State Report Card on Transparency of Physician Quality Information
December 16, 2014
This second annual State Report Card on Transparency of Physician Quality Information illustrates the divide that continues to separate states that take the protection and rights of consumers seriously, with those that seem to believe that market opacity is perfectly ok. How any legislator or public official, whose very job and oath is to protect the citizens of their state, can willingly accept the lack of information on the quality of physicians is puzzling and sad. Over half of all insured Americans spend less on health care during the course of any year than the total amount of their deductible. Practically speaking, that means these consumer-patients are in a full retail market. Every penny paid for routine sick care, or for the management of a condition, including, for some, the full cost of a pregnancy and delivery, is coming out of their pocket. And yet, in two thirds of the states in the Union, these consumer-patients have no information with which to compare the quality of physician care. What they might get through their health plan’s website is either nonexistent, incomplete, and/or judged to be subjective.
We therefore applaud the few that have made the decision to collect and publish information that can help consumers make more informed choices. What they have shown through their efforts is that the process of measuring physician quality is achievable, and that designing a website to publish that information is perfectly feasible. In other words, by their actions, they accentuate the failures of the other states. For all those who got an F, there is no excuse. And how can there be? Studies abound showing the variations in quality of care and the harm to patients from the underuse, overuse and misuse of health care services. Even medical specialty societies, through the Choosing Wisely campaign, have openly admitted that there are certain tests and procedures that are significantly overused and provide no value at all to patients. Some can even harm them. Yet even when faced with all this evidence, states fail to take action to offer the most basic protection to their residents. The very first book on economics states unambiguously that markets cannot function when the buyer and the seller do not have adequate information from which to make a purchasing decision. In states across the country, the buyers of health care – ordinary citizens – have no information on which to base their decision, and the failures of the market continues to impact them in the form of higher premiums and costs. While state budgets are strained by higher costs, including the costs of covering state employee health benefits, the leaders of these states fail to acknowledge the importance of making information on the cost and quality of health care providers widely available. We hope this report card will jumpstart efforts nationwide.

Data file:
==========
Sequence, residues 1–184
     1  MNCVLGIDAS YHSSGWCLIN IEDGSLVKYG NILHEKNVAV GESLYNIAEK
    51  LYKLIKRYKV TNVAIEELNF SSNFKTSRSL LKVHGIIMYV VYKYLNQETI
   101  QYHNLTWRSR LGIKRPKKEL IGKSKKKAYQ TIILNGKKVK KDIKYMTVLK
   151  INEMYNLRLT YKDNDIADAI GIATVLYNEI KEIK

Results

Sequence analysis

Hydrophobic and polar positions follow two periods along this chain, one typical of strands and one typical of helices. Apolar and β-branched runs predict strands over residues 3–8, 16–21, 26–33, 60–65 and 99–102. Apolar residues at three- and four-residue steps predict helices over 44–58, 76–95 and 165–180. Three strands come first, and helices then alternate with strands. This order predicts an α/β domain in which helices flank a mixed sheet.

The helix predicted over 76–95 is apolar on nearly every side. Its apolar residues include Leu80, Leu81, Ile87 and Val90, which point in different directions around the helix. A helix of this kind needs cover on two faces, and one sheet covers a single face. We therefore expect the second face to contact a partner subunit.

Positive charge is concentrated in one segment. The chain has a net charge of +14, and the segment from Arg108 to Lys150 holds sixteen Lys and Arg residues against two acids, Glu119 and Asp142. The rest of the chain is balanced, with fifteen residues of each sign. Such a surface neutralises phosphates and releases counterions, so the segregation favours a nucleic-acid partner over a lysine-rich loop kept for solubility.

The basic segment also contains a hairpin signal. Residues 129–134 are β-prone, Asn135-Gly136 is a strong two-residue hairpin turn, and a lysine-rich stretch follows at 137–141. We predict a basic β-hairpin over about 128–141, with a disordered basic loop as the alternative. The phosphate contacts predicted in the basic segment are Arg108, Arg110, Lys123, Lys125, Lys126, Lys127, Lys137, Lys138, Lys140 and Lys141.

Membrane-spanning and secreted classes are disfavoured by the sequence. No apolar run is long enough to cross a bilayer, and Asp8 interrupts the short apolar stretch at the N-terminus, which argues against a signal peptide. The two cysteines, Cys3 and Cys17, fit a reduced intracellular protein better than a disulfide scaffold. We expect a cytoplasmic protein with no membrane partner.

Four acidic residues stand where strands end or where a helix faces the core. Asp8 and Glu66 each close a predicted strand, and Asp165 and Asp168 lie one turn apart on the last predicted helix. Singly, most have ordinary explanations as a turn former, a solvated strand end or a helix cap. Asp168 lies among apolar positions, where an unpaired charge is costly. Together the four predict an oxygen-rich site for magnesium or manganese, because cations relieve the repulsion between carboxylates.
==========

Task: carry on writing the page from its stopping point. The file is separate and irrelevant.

And states aren’t alone. The federal government, who in the past led the pace in collecting and disseminating information on the quality of hospitals, has also fallen behind. Earlier this year, the Health Care Incentives Improvement Institute (HCI3) conducted a thorough study of available hospital quality measures with a very simple objective: to consolidate them into a single score by disease or procedure in order to better help consumers differentiate the quality of care from one hospital to another. What we discovered is also alarming and more fully delineated in Appendix B. The upshot is that in 2014, fifteen years after the publication of “To Err Is Human” by the Institute of Medicine, there is little, if any, useful and meaningful information on the quality of care provided by hospitals.
Consumers are flying blind when it comes to selecting hospitals and physicians, and public and private sector purchasers cannot hope to improve the overall quality and affordability of American health care if they don’t find a way to solve this problem. Some states have and every other state in the Union should follow suit.